[Players wishing to adventure in Castle Morthimion: STAY AWAY!]
|Work in Progress|
Inspired by reading the recently published Black Maw dungeon levels, and playing in a friend's S&W-based game, I was once again bitten by the megadungeon bug. I started putting some thought into running a canonical OD&D dungeon exploration game – the proverbial huge ruined pile built by generations of wizards and insane geniuses. Nothing Castle Greyhawk-sized (thus, not something that would accommodate multiple parties playing 24/7), but hefty enough to feel expansive and mysterious, and true to the tone of the three booklets. To avoid overreach, and give myself some structure, I decided to stick to a brief keying style I experimented with in Zuard Castle, an older thought experiment (but with just a bit more detail). In fact, Zuard Castle became the base for the dungeons of Morthimion.
My general idea for the dungeon structure is based on six main levels (of which five are depicted here). The background idea is that the sixth level is a kind of dimensional interconnector, dumping hapless critters from all over down in the deeps, which battle each other, and gradually filter up to the surface through passages and gates, menacing the surrounding lands. Morthimion Castle was abandoned to its fate when the mining operation underneath hit the monster motherlode, and has pretty much gone to the dogs since - now occupied by a senile and dangerous 11th level Wizard and his retainers. (In a world which otherwise has a limit at LVL6) The surrounding forests (to be mapped as a wilderness maze, pointcrawl-style) are so bad that they are separated from the civilised lands by a Hadrian's Wall kind of construction. These woods are a first testing ground for the adventurers who venture from the civilised lands.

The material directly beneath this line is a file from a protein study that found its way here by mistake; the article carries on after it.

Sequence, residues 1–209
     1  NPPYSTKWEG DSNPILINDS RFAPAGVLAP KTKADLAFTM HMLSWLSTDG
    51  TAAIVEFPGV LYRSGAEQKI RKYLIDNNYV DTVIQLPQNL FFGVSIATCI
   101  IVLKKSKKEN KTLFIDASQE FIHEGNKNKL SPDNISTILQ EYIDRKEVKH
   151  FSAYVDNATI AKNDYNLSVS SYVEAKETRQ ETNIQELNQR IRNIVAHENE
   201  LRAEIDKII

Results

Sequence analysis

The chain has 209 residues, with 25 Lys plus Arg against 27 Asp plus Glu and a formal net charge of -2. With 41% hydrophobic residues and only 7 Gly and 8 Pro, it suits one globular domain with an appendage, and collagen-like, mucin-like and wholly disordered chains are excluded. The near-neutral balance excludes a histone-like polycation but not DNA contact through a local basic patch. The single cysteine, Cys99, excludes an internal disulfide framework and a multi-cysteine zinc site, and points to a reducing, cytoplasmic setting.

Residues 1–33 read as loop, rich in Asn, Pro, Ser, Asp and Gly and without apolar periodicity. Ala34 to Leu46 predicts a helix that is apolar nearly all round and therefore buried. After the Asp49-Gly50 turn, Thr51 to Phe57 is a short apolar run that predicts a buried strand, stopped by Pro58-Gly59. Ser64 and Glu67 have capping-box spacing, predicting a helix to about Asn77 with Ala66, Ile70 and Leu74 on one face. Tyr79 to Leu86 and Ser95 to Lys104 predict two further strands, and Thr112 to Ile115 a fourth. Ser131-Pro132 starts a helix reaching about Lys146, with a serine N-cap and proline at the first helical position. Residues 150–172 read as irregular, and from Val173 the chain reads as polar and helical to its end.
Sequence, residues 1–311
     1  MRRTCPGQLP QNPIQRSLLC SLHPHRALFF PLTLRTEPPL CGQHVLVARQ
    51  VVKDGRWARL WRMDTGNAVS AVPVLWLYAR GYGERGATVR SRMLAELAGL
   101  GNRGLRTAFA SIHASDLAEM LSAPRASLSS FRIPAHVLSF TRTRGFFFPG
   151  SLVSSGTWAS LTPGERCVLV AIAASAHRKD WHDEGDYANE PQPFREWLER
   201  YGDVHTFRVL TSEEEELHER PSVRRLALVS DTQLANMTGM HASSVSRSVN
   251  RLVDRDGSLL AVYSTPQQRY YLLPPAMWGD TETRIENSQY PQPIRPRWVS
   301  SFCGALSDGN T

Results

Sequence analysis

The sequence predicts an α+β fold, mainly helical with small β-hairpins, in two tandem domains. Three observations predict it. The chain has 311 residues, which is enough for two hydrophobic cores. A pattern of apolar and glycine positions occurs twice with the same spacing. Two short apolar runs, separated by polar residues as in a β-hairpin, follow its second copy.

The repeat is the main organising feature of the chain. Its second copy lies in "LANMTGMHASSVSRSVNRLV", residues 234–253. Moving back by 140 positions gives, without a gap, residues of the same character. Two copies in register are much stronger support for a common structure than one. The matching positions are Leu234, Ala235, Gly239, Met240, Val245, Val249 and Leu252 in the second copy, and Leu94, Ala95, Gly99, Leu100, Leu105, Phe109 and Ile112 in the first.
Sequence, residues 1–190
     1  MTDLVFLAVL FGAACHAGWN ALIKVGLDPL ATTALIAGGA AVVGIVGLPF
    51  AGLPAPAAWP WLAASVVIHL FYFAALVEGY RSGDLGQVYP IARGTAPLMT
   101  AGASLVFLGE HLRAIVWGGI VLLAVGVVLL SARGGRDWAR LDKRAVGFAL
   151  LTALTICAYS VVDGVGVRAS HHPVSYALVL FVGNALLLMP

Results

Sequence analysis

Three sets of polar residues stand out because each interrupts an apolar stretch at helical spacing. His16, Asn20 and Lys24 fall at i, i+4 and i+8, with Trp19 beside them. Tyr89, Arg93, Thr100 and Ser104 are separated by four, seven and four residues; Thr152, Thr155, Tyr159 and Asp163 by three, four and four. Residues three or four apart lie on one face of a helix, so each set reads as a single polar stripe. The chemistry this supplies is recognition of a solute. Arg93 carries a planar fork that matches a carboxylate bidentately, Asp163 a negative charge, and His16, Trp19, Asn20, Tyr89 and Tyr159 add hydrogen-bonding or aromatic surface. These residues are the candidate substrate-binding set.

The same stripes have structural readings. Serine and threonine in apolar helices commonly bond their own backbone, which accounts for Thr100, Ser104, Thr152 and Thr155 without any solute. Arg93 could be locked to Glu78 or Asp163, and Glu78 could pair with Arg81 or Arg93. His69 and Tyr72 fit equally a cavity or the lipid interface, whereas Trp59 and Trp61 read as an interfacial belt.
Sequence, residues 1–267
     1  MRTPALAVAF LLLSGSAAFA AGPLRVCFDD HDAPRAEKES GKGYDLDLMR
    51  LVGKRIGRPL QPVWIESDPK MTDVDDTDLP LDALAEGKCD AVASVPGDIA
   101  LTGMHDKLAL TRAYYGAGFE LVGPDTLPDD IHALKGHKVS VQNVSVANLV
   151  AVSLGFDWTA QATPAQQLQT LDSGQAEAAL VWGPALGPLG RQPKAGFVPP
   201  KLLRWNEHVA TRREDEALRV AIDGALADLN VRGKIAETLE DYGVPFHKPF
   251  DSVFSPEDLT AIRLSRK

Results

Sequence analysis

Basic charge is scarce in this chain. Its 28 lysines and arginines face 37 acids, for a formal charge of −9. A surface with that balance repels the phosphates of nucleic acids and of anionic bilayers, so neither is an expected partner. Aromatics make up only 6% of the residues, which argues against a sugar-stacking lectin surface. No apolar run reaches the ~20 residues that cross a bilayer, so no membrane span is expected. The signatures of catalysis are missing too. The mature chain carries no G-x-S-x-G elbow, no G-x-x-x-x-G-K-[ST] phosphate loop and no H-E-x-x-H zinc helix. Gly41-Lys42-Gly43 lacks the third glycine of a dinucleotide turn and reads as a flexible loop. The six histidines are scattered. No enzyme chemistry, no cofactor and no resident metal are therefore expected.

|General Level Plan|
The dungeon levels are fairly self-explanatory, with multiple themes, and a number of interconnections. I am particularly interested in developing the "Sideways Level", a vertical environment populated by flyer types, and allowing for some interesting dungeon tactics. Another central feature of note is a grand staircase to levels III and IV, but one which has a 1:3 chance to transform into a one-way slide. Multiple secret levels, reached after the ways of accessing them are learned, are planned (some within the "ruined pile" itself). Keying is much more dense than the Greyhawk standard (to compensate for the fact that we don't play as much as the Lake Geneva crowd back in the day), but the notes are fairly light.
I currently have most of the map for the first and second levels. Following tradition, the first level is a mixture of storerooms, jails, magical enigmas, deathtraps and other things you would find in a realistic castle basement. The openings in the walls are doors, and the rectangular symbols are heavier gates (the kind you roll for to lift). The initial entrance is through a dry well in the courtyard, with a tithe extracted by the Wizard's henchmen. The Level II stairs are to the north and south, the former behind a locked gate, and the latter controlled by a large robber band. I have tentative plans to use the empty space for further development, probably accessible from down below.
The Dungeons of Morthimion have already gone through a trial by fire testing round. I originally intended to slowly sketch out a few levels, and stock them in fits of inspiration in a piecemeal fashion – the scrap of paper idea collection phase if you will. Then, 23:30 Friday night, I realised I had forgotten to bring along my regular campaign folder, and the game would be on Saturday afternoon. Ooops. So I got up Saturday morning, had breakfast while numbering the rooms, then wrote the damn Level 1 key between 8:00 and 11:30 – the time I had before packing up for the afternoon and having lunch. This kind of creative pressure (recalling the immortal tunes of Crash Dive on Mingo City) tends to be good for me, because I took my notes and map, along with a printout of Greyharp's single-volume OD&D book, and we had a great time.